Slater and Franco Battle for Gay Porn Stardom in “King Cobra”

Director Justin Kelly is no stranger to New Queer Cinema. Like his mentor, Gus Van Sant (Good Will Hunting, Milk, Finding Forrester), Kelly managers to bring light to a subgroup of homosexuality that is subversive of its traditional understanding, without coming across as distasteful or disrespectful. What Van Sant did for politics in Milk, Kelly has done for the gay porn industry in King Cobra. Sure the film entertains, and tests the boundaries of taboo glamorization, but also handles the film’s real events with a candor and gravity one would expect from a procedural drama. King Cobra will surely excite as much as it will appall viewers. Audiences won’t quite know when to be thrilled, or uncomforted by the violence and subject matter at hand. It’s because of this cinematic dance that makes Kelly a master of his own craft, and King Cobra one of the best and most revitalizing films of the year.

Following the mixed response of 2015’s I Am Michael (James Franco, Zachary Quinto, Emma Roberts), King Cobra plays on the opposite end of its spectrum. Whereas I Am Michael depicts the rejection of homosexuality, King Cobra embraces sexuality with unscrupulous new heights. Also adapted from true events, the film centers on the 2007 murder of gay porn producer Bryan Kocis (penned Stephen and played by the creepily electrifying Christian Slater) by competing producers tagged Joe (James Franco) and Harlow (Keegan Allen of Pretty Little Liars fame) looking to get a cut from Sean Paul Lockhart’s (Garrett Clayton of Hairspray Live! fame) persona Brent Corrigan. Clayton makes a believable young pretty boy, who can easily venture the territory of being type-casted as such. Instead, Clayton owns the role of porn star and brings about a growing tenderness to Lockhart’s character as stakes rise and scenarios become dire. Something unexpected for a Disney star known for Teen Beach Movie, yet on par with Daniel Radcliffe’s attempt to show the world he was ready for adult roles post Harry Potter with his risky nude performance in Peter Shaffer’s play Equus. Fortunately for Clayton, he lands on both feet and is able to hold his own aside the incomparable Christian Slater.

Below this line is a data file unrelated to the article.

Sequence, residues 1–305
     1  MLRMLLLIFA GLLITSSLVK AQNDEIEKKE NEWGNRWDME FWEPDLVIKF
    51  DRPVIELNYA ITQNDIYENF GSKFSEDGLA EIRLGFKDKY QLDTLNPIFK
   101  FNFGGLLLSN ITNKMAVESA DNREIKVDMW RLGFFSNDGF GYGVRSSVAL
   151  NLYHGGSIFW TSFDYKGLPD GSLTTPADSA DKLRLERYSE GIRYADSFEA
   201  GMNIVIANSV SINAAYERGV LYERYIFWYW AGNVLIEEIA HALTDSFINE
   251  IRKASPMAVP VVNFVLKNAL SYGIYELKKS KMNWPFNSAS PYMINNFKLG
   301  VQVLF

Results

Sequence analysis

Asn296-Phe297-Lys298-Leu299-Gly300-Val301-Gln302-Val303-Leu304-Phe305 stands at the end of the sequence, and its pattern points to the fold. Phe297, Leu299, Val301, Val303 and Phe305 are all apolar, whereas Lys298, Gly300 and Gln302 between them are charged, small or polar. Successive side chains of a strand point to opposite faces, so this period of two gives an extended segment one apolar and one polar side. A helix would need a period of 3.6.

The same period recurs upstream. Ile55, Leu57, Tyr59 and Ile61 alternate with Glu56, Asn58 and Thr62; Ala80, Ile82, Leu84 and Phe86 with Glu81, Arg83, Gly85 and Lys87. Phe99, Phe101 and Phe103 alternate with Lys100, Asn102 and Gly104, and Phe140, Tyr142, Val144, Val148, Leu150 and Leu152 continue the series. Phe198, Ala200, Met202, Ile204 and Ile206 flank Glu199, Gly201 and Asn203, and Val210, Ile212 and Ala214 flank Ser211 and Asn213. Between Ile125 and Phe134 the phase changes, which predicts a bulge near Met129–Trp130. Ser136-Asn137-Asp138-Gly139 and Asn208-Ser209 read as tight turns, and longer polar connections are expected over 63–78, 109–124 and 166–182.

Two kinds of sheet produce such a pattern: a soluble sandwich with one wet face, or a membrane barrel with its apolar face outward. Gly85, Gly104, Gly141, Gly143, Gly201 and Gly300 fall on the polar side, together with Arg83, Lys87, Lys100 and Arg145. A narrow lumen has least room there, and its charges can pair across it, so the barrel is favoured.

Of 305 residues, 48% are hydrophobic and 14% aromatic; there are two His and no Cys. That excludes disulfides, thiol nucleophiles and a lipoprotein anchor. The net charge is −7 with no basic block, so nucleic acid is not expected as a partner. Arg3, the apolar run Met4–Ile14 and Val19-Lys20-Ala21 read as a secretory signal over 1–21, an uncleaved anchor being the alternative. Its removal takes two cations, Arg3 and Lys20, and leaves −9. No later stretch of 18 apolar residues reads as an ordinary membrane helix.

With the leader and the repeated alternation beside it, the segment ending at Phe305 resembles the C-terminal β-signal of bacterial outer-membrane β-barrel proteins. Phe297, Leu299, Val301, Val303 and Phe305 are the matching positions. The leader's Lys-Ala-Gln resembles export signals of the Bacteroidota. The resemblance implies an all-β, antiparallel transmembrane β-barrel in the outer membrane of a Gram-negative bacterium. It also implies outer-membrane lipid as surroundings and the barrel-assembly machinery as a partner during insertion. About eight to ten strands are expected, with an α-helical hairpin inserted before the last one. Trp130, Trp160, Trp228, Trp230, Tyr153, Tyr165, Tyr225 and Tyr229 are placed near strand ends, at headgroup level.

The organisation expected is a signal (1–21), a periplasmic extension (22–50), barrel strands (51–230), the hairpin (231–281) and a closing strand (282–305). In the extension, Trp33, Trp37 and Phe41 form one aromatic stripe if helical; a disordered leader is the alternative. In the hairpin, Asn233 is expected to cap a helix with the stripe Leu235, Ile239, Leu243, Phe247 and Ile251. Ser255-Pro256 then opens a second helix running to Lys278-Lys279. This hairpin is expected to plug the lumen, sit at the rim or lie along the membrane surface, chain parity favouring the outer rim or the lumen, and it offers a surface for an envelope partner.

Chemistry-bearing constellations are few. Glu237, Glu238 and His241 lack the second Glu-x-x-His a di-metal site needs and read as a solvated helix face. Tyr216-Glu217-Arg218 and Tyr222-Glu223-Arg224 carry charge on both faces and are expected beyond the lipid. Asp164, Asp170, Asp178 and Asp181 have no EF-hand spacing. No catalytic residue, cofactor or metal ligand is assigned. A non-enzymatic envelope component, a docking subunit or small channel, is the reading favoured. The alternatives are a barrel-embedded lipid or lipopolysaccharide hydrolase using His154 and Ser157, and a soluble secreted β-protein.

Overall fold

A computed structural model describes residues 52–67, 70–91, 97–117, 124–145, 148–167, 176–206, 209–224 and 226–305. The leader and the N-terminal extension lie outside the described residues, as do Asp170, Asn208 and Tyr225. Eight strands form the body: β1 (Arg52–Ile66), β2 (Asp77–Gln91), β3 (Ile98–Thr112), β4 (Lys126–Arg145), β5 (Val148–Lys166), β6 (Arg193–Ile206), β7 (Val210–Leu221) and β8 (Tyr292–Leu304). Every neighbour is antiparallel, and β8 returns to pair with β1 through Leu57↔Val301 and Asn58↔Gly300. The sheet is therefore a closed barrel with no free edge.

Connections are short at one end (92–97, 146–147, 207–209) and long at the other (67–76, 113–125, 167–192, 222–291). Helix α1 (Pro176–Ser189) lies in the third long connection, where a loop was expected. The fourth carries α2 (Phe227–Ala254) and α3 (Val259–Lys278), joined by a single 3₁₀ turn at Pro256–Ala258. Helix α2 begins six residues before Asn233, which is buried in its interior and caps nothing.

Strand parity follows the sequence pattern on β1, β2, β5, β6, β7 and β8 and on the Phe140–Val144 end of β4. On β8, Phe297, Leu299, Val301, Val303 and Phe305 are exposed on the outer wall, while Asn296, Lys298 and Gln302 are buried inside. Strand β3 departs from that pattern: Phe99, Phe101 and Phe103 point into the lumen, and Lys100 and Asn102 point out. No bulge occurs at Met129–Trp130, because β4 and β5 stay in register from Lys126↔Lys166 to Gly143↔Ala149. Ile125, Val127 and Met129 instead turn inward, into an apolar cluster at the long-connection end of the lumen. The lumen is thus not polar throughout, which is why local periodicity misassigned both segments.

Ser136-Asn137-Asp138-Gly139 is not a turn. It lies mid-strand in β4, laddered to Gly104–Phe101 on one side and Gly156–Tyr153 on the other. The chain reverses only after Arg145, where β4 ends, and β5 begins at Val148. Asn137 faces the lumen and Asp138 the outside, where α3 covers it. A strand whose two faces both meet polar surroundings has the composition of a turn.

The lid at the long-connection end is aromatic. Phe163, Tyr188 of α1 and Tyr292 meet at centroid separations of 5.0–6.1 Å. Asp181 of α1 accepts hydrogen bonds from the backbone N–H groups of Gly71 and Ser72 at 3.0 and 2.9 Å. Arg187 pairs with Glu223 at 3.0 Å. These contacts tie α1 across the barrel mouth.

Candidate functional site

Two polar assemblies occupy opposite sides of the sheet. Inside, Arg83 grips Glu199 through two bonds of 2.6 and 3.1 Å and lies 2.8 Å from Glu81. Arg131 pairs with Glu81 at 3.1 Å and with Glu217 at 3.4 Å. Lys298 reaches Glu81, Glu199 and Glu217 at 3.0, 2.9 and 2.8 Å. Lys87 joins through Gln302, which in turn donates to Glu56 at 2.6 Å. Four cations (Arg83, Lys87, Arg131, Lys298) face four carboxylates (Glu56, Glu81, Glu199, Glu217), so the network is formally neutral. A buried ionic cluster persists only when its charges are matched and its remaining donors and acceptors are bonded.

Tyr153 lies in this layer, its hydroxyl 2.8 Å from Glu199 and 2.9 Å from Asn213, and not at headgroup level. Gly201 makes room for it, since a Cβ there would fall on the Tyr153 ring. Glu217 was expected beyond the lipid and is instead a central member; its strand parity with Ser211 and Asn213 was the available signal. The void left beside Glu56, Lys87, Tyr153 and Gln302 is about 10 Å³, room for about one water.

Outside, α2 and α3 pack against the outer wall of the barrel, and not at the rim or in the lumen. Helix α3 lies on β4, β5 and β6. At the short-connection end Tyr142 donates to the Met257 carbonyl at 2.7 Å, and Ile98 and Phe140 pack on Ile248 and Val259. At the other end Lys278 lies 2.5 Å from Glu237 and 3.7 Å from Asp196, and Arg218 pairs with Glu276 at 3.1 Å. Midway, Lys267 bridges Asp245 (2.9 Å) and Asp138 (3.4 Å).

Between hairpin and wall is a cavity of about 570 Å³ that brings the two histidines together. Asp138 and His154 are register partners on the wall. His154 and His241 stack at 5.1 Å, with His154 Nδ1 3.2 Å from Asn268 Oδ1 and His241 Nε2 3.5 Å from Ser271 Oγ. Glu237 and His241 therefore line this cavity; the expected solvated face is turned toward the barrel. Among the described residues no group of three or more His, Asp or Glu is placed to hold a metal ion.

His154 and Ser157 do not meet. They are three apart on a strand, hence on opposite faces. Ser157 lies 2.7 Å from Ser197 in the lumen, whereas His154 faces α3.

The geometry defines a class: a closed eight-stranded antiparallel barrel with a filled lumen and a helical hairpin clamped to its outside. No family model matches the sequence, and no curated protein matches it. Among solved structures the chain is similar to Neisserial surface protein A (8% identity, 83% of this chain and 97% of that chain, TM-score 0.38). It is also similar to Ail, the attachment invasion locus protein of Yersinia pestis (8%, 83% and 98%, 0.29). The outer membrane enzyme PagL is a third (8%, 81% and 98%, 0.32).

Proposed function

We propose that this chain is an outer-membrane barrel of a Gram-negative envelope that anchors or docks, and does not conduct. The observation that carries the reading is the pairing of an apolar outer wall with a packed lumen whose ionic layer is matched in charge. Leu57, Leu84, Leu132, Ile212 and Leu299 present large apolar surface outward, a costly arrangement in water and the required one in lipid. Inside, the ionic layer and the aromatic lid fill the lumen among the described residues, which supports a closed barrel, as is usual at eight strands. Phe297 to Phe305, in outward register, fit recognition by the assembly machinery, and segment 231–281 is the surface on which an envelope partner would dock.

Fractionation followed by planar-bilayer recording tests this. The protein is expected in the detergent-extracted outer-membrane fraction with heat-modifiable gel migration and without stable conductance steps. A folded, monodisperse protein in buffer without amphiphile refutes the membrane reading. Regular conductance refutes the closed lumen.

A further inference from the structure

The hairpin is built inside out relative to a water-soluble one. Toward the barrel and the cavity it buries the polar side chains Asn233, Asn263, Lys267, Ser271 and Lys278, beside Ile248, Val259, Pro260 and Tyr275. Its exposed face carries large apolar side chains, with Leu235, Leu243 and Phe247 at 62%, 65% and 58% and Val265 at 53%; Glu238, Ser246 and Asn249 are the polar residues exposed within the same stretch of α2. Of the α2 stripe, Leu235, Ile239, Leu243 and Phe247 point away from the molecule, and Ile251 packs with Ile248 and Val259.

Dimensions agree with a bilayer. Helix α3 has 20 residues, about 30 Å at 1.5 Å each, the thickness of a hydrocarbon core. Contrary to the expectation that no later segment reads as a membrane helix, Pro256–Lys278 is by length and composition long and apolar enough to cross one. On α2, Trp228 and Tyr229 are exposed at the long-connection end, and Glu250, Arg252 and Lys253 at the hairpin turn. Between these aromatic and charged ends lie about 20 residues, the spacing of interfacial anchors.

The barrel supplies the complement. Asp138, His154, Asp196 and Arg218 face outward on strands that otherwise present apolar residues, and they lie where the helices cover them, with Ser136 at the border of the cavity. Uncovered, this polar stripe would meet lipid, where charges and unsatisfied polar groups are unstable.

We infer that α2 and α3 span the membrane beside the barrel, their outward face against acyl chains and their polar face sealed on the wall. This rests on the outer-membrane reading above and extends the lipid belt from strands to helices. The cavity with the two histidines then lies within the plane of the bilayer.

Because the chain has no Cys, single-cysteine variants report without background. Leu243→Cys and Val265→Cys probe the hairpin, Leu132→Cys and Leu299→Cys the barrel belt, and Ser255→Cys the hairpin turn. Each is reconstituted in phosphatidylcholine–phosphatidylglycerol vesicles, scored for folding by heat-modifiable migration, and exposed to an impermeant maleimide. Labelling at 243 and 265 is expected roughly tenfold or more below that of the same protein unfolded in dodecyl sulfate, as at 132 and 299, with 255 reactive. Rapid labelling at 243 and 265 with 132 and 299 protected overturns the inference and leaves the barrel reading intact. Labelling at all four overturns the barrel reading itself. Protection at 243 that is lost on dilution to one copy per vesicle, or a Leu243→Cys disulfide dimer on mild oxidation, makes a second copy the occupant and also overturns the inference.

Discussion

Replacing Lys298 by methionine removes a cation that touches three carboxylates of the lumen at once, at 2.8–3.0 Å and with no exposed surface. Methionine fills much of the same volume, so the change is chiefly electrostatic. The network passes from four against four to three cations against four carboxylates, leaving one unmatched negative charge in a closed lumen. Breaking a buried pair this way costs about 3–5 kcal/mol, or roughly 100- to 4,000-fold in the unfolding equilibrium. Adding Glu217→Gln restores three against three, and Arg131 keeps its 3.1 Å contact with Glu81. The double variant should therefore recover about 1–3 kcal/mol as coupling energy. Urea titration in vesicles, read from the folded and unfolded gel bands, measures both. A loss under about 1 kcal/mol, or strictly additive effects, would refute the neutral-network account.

Slater plays the founder of the titular production company, leading a dual life blinded by his suburban neighbors and sister Amy (a bit part played by Molly Ringwald). Slater’s demeanor is perfect for the role. Soft and scathing, Slater brings about a quality less invasive than his Mr. Robot character. Yet just as slimy as John du Pont (Steve Carell) in Foxcatcher. The barriers posed on Mark Schultz (Channing Tatum) is, however, upstaged and broken with that of Sean Clayton’s (Garrett Clayton) portrayal. Kelly is a modern day Steven Soderbergh, being the medium between a dark behind-the-scenes portrait like Behind the Candelabra and an embellishment like Magic Mike. The film plays to the commercial appeal of a I Love You Phillip Morris, throwing parts to well-known actors (Alicia Silverstone even plays a small part as the tryingly hip yet utterly unparsed mother) for bankability, but strikes a cord on romanticism similar to that of Dream Boy and Shelter. It’s not as grotesque as something like Pornography: A Thriller, but more vapid from the complexities of an Eyes Wide Shut or Undertow. It’s hard to place a finger on the film’s tone, because it falls into a league of it’s own. King Cobra takes chances, sometimes leaving itself perched high and at times falls below threshold, but ultimately comes out exquisitely on top.